---

 

If I were you, I'd go with the CP.2's. Excellent glass and perfectly designed for the F3.


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#3 Ryan Jim Rector

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Posted 13 January 2017 - 01:40 PM

What kind of look are you hoping to achieve with anamorphic photography? What aspects from your research have led you to the conclusion of anamorphic?

 

If it's just the aspect ratio, then you're better off shooting spherical (normal) and cropping in.

 

As a note for anamorphic, there are two types of "squeeze" factors: 2x and 1.3x. These squeeze factors are entirely dependent on the aspect ratio of the medium.

 

2x is used for a 4:3 aspect ratio sensors/film (such as 4perf film)

 

1.3x is used for 16:9 aspect ratio sensors/film.

 

That being said, using a 2x anamorphic lens on a 16:9 sensor won't work very well. Please correct me if I'm wrong, but it essentially crops the image.

 

---

 

Let's go back to the reasons for shooting anamorphic. What characteristics of anamorphic are you looking for? If it's the oval bokeh, then your only option is of course anamorphic or an adapter, but if it's these, then you can fake them in camera:

  • Streaky lens flares can be created with fishing line across the lens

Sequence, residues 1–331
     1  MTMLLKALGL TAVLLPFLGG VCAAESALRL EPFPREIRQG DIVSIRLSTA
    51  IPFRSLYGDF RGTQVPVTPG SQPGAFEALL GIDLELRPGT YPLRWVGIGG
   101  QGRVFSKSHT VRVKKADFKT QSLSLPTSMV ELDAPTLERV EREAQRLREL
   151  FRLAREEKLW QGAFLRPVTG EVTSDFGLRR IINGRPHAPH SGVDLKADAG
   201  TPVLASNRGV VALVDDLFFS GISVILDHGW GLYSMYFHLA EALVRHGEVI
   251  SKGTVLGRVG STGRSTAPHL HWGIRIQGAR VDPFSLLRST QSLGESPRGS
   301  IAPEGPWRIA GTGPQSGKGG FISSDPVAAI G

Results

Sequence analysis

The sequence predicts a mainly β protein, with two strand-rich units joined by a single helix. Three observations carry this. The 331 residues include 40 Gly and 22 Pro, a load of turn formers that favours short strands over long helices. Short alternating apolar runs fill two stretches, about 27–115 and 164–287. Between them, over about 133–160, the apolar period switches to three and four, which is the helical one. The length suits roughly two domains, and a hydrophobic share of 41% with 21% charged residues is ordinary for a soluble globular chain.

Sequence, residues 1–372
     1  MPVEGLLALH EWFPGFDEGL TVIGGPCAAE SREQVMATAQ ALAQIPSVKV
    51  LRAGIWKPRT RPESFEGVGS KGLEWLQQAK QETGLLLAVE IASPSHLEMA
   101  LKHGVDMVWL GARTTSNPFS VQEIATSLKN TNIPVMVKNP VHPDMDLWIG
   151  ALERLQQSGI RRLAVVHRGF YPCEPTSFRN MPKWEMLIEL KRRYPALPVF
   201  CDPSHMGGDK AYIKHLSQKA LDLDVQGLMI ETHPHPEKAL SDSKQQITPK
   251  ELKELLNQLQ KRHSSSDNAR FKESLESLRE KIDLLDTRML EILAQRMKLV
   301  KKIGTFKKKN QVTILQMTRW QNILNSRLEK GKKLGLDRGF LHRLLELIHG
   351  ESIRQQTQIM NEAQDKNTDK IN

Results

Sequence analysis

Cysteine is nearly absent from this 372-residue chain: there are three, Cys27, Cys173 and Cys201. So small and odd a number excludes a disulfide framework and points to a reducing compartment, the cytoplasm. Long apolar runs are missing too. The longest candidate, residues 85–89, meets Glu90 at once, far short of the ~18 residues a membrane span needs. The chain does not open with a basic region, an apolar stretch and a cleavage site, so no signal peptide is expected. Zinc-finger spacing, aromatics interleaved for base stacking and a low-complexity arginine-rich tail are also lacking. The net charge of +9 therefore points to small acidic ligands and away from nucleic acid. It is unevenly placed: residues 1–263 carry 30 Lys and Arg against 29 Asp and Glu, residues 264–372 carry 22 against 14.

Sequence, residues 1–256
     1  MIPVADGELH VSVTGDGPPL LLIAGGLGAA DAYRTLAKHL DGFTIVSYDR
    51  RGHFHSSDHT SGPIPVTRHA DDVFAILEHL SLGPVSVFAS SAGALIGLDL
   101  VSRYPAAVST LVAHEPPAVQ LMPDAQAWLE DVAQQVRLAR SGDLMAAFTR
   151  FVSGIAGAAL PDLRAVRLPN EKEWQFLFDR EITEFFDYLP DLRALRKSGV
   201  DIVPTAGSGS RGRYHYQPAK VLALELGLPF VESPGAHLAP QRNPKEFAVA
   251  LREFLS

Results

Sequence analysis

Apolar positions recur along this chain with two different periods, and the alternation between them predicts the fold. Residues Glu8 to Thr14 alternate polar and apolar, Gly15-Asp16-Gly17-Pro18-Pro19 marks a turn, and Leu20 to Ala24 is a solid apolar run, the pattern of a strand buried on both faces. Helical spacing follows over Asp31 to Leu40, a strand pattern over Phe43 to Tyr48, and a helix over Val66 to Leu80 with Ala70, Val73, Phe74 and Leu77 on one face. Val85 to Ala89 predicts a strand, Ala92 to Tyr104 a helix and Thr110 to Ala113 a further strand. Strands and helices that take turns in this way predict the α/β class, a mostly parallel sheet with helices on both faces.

• Aspect ratio can be created by cropping the 16:9 image
  • Shallow depth of field can be created with shooting wide open

---

 

As a general aesthetic for science fiction, what sells SciFi is YOUR interpretation of what the future will LOOK like and how it is different from today's look (this is also assuming it takes place in the future). On the whole, it's usually a cleaner, sharper, and more clear future. But, ask yourself what does the story call for? What kind of world is this SciFi tale taking place in? Light is usually decided by what is natural in the environment (ie: window light for Vermeer). What environment are these characters in? Ask these questions and the answers will help you figure out how to do it.

 

---

 

If I were you, I'd go with the CP.2's. Excellent glass and perfectly designed for the F3.

Hey AJ thanks for the quick and very detailed response! For the look I'm trying to achieve - especially with the Anamaorphic lens - is the expansion of the space (for a lack of a better term). It makes the setting much larger than it is and creates good spacing between the foreground and background; at least much better than a non-anamorphic lens. I also would like to achieve the oval bokeh look at least in the faces, it creates this look of surrealism in facial features. I know JJ. Abrams used it a lot in the latest Star Trek movies as well as Riddley Scott in Alien. one of the charters in this tale is a synthetic android and i wanted to recreate that look on the character.

 

But you are right about the 2x squeeze on a 16:9 censor, you basically end up having to chop off the sides of your frame.

 

As for your tips, I think they're really solid advice. I'm pretty sure i'll be going the CP.2's and going with a wide open lens and then crop the 16:9 image in post. But I did not know the one about the fishing line, it sounds pretty cool and will have to try doing that in an upcoming camera test.

 

Thanks again for all your tips and Advice, really appreciate it.

 

All the best,

- Ry